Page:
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Here, Sim, eat some of these things.

Sim. I do, my lord.
Sly. Here, Sim, I drink to thee.

ACT IV.

SCENE I.

Petruchio's Country House.

Enter Grumio.

Gru. Fye, fye, on all tired jades ! on all mad masters! and all foul ways! Was ever man so beaten ? was ever man so * ray’d? was ever man so weary? I am sent before to make a fire, and they are coming after to warm them. Now, were not I a little pot, and soon hot, my very lips might freeze to my teeth, my tongue to the roof of my mouth, my heart in my belly, ere I should come by a fire to thaw me :-But, I, with blowing the fire, shall warm myself; for, considering the weather, a 'taller man than I will take cold. Holla, hoa! Curtis !

Enter Curtis.

Curt. Who is that, calls so coldly ?

Gru. A piece of ice : If thou doubt it, thou may'st Nide from my shoulder to my heel, with no greater a run but my head and my neck. A fire, good Curtis.

Curt. Is my master and his wife coming, Grumio ? Gru. Oh, ay, Curtis, ay: and therefore ? fire, fire; cast

on no water.

* ray'd ]--bespatter'd.

y taller-fouter.
fire, fire ; cast on no water. ]--alluding to the old catch of

Scotland burneth, Scotland burneth
Fire, fire ;-Fire, fire;

Cajt on some more water.

Curt.

Curt. Is she so hot a shrew as she's reported ?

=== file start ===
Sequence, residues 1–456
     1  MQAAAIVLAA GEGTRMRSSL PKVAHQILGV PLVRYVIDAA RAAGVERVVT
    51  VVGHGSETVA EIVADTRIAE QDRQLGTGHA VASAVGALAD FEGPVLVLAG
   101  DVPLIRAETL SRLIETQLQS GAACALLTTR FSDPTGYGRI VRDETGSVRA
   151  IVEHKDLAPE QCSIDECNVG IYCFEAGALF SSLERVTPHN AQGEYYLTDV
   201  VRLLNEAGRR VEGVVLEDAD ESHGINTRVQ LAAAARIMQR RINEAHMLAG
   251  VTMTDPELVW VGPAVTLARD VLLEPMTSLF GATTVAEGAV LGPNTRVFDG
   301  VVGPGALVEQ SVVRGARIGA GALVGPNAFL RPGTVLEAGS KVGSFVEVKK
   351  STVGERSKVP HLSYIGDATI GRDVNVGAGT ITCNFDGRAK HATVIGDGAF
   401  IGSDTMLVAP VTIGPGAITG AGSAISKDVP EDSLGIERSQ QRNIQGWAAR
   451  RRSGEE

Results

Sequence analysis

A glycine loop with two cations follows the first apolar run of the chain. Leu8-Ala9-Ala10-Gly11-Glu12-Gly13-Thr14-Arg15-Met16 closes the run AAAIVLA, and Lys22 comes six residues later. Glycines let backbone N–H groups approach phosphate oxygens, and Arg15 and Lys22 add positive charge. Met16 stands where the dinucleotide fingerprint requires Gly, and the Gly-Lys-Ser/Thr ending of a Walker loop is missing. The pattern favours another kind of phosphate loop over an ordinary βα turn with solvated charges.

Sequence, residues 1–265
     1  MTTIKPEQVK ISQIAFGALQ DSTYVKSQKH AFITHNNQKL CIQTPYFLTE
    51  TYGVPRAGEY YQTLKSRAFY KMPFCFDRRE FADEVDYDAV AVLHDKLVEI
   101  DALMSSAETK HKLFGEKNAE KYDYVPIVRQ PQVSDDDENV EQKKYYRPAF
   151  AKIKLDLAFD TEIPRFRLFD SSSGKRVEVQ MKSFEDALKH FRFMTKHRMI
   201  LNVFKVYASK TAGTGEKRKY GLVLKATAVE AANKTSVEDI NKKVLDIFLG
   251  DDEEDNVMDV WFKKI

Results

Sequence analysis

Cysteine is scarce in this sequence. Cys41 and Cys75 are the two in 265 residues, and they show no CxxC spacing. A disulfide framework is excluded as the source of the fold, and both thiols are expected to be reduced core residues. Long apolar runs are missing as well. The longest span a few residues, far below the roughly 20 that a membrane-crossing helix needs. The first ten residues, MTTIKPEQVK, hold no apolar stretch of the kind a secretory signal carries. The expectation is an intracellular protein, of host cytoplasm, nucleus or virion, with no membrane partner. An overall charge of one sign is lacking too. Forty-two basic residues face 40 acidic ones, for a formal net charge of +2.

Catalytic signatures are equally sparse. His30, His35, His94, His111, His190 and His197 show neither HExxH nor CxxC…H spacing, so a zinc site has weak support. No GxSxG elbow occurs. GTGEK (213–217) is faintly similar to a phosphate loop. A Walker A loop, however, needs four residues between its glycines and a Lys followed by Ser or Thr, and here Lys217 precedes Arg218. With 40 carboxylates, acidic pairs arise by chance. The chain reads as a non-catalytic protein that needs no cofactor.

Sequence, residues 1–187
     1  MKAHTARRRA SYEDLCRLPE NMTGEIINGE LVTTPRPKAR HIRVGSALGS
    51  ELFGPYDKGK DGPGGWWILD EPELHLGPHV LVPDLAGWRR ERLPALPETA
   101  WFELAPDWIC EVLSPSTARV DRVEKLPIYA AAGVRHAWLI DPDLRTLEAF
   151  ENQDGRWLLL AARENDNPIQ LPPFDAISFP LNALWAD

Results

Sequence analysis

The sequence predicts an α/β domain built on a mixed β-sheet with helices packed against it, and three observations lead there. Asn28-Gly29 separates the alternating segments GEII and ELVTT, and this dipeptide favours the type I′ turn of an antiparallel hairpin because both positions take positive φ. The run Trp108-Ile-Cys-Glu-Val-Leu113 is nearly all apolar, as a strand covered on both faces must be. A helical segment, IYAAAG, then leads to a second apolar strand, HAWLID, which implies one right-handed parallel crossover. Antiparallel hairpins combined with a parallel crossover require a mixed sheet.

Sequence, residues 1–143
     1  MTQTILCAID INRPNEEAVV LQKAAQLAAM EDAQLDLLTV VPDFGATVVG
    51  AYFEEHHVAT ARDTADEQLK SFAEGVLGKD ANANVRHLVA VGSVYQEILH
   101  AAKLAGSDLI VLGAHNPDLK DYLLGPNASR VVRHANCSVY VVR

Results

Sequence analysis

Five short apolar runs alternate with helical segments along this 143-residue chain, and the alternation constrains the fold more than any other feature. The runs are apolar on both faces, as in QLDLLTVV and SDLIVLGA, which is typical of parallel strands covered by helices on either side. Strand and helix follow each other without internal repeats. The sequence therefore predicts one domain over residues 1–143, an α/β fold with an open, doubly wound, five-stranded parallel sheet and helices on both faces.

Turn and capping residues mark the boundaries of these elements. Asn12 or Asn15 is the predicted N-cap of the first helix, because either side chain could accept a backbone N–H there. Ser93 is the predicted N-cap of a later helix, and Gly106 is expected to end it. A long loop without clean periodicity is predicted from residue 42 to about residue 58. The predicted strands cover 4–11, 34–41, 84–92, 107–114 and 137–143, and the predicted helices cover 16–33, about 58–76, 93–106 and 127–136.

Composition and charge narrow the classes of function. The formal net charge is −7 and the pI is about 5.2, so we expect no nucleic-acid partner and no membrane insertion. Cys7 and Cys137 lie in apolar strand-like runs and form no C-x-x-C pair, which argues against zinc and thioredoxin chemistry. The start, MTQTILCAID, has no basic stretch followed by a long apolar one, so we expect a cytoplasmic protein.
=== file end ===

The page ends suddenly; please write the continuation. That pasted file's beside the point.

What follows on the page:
Gru. She was, good Curtis, before this frost : but thou know'st, winter tames man, woman, and beast; for it hath tam'd my old master, and my new mistress, * and thyself, fellow Curtis.

Curt. Away, you three-inch fool! I am no beast.

Gru. Am I but three inches? why, thy horn is a foot; and so long am I, at the least. But wilt thou make a fire, or shall I complain on thee to our mistress, whose hand (The being now at hand) thou shalt soon feel, to thy cold comfort, for being Now in thy hot office. Curt. I pr’ythee, good Grumio, tell me, How goes

the world!

Gru. A cold world, Curtis, in every office but thine ; and, therefore, fire: Do thy duty, and have thy duty ; for my master and mistress are almost frozen to death.

Curt. There's fire ready ; And therefore, good Grumio, the news?

Gru. Why, Jack boy! bo boy! and as much news as thou wilt.

Curt. Come, you are so full of conycatching :

Gru. Why therefore, fire; for I have caught extreme cold. Where's the cook? is supper ready, the house trimm'd, rushes strew'd, cobwebs swept; the serving -men in their new fustain, their white stockings, and every officer his wedding garment on ? be'the jacks fair within, the jills fair without, the carpets laid, and every thing in order ?

Curt. All ready; And therefore, I pray thee, news ?

Gru. First, know, my horse is tired; my master and mistress fallen out.

b three-inch fool!)-with a skull f thick.
tby born-which I planted on thy forehead.
Jack boy! bo boy ! ]—The beginning of an old song.
conycatching :)-roguery, fun.

the jacks fair within, ihe jills fair without,]-leathern and metal drinking vessels.

Curt.

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Curt. How?

Gru. Out of their saddles into the dirt; And thereby hangs a tale.

Curt. Let's ha't, good Grumio.
Gru. Lend thine ear.
Curt. Here.
Gru. There.

[Strikes him. Curt. This is to feel a tale, not to hear a tale.

Gru. And therefore 'tis callid, a sensible tale: and this cuff was but to knock at your ear, and beseech listning. Now I begin : Imprimis, we came down a foul hill, my master riding behind my mistress :

Curt. Both on one horse ?
Gru. What's that to thee?
Curt, Why, a horse.